80% Of Nigeria’s Oil Blocks Are Owned by Foreigners, Not Northerners – Femi Falana
Human Rights lawyer, Chief Femi Falana has described the celebrated claim made by Senator Ita Enang on the floor of the Senate chambers last week that 80 percent of Nigeria’s oil blocks is owned by Northerners as totally false and misleading.
Senator Enang while speaking during a debate on the provisions of the Petroleum Industry Bill, particularly on the 10% revenue fund proposed to be remitted to communities hosting oil well, especially in the Niger Delta had argued the north is benefitting more than the Niger Delta where the oil wells are located with over 80% of the allocated oil wells owned by northerners, but the lawyer in a statement released today and obtained by Abusidiqu.com said majority of the nation’s oil blocks are owned by foreigners and foreign companies.
According to Falana:
“During the debate on the Petroleum Industry Bill last week on the floor of the Senate at Abuja the names of a few Nigerians to whom the Federal Government had allocated oil blocks were revealed. It was specifically alleged that 83 per cent of all oil blocks in the country are owned by northerners. Not unexpectedly, those who are won’t to complain of neglect and maginalisation of their geo-political zones have been demanding for equitable distribution of oil blocks among the comprador bourgeoisie of the various ethnic groups. Embarrassed by the disclosure and the diversionary furore it is generating the Arewa Consultative Forum has called for a public inquiry into the allegation that northerners are the largest beneficiaries of the oil block largesse in the country.
While I have never supported the policy of allocating the oil blocks owned exclusively by the Federal Government to selected individuals and foreign oil companies it is pertinent to point out that the list published by the media last week is totally outdated and grossly misleading. The list contained only the names of those who were allocated oil blocks under the defunct military junta. In other words, the list did not contain the names of the other traders who have been allocated oil blocks by the ruling party since 1999. Equally missing from the list are the names of multinational companies otherwise called “Oil majors” which control and manage the lion share of the oil and gas industry. For instance, I have a suit pending at the Federal High Court against the Ministry of Petroleum Resources over the renewal of the expired 40-year old licences of three oil blocks (which produce 580,000 barrels of crude oil per day) for Mobil Producing last year for the sum of $600 million notwithstanding that a Chinese oil company had offered to pay $5.8 billion for the same oil blocks !
Apart from Mobil there are about 17 other foreign oil companies which are the major key players in the oil industry while Nigerians are forced to operate in the marginal fields .The said foreign companies or Oil Majors own 80 % of the oil blocks and as such they are completely in charge of the oil and gas industry. They produce the oil and gas, and declare the figures they like. They smile to the banks daily while Nigerians fight over the crumbs from the Master’s Table. In spite of the indictment by the National Extractive Industry Transparency Initiative (NEITI) some of the companies have continued to withhold billions of dollars from the Federation Account. The joint venture agreements between some oil producing countries and oil companies are in the ratio of 80/20 percent in favour of the owners of the oil. But in Nigeria it is 60/40 percent in favour of the Federal Government of whatever is declared by the oil companies. It is common knowledge that some of the foreign oil companies operating in Nigeria have, with the connivance of the Federal Government, been leasing oil blocks allocated to them to other persons or companies.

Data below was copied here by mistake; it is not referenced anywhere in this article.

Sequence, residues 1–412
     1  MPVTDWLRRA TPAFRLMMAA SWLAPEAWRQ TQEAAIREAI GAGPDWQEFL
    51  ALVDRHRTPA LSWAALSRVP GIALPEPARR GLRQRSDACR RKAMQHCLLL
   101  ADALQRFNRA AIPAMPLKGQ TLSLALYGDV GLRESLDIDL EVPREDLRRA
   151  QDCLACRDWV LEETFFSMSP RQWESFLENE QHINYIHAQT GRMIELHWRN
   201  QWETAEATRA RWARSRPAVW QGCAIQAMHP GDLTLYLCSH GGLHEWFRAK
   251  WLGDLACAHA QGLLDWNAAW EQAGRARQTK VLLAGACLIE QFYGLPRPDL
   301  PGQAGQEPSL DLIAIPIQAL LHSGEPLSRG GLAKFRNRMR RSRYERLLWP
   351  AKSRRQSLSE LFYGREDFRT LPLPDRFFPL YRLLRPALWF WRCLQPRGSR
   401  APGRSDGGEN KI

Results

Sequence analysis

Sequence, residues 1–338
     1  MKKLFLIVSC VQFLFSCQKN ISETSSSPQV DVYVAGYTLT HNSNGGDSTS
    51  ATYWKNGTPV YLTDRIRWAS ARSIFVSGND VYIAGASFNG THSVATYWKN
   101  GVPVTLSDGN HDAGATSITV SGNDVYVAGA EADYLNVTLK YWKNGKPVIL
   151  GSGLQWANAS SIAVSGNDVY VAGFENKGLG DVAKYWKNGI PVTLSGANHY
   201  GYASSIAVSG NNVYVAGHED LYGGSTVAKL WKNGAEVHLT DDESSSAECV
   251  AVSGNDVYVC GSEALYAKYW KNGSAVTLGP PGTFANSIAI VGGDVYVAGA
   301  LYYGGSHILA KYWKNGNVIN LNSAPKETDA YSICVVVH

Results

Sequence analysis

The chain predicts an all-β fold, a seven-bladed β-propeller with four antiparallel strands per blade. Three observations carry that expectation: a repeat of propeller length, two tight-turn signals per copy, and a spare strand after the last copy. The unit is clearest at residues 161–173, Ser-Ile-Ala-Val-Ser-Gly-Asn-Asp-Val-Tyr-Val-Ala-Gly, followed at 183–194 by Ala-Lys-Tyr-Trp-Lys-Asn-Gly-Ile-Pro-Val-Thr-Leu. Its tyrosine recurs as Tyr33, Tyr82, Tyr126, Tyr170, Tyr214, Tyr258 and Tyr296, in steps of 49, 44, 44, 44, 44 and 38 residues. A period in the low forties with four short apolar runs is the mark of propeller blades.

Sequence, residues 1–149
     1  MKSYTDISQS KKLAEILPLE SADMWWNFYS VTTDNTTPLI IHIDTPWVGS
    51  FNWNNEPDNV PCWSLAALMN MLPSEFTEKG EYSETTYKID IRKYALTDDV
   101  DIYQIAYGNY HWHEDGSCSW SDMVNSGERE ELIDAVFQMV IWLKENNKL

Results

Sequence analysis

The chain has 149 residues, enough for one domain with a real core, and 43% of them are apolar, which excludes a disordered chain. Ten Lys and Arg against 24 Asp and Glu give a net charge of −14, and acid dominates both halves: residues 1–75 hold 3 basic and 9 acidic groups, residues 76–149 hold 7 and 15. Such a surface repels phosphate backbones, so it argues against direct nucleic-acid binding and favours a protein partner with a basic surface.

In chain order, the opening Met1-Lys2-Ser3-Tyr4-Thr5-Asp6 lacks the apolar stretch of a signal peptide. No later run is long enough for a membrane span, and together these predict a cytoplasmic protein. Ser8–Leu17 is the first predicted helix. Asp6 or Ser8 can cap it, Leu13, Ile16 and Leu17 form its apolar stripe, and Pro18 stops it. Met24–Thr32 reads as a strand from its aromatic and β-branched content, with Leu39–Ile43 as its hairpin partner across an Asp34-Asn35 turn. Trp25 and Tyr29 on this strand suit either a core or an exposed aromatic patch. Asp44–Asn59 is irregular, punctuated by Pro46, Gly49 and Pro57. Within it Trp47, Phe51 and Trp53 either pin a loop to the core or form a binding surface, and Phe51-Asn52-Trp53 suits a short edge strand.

Incidentally, the disclosure in the Senate last week coincided with the death of President Hugo Rafael Chavez of Venezuela who nationalised the oil industry which enabled his government to generate enough revenue to fund a comprehensive welfare programme for the hitherto improverished people of the Latin American country. But the enomous commonwealth of the Nigerian people have been cornered by a few rent collectors and other members of the parasitic ruling class. A few of them who raked billions of dollars from the illegal sale of the oil blocks have openly confessed that they do not know what to do with the huge fund! Because such wealth has been privatised Nigeria cannot, like Venezuela, meet the eight Millenium Development Goals by 2015.
In view of the confusion caused by the partial information released by the Senate last week the Ministry of Petroleum Resources should, without any further delay, publish an up-to-date list of all local individuals and foreigners who have been allocated oil blocks by the Federal Government. After the publication the Goodluck Jonathan Administration should proceed to cancel all oil blocks allocated to a few interest groups and vest them in the Federal Government in line with section 44 of the Constitution. In other words the oil and gas should be nationalised in the interest of the Nigerian people. Instead of empowering either the President of the Republic or the Minister of Petroleum Resources to dole out oil blocks to serving ministers, party members, personal friends and business partners the National Assembly should ensure that all blocks are owned by the Federal Government in trust for the Nigerian people. This demand accords with section 16(1)(c ) of the Constitution which states that the State shall “manage and operate the major sectors of the economy”.
Femi Falana SAN.
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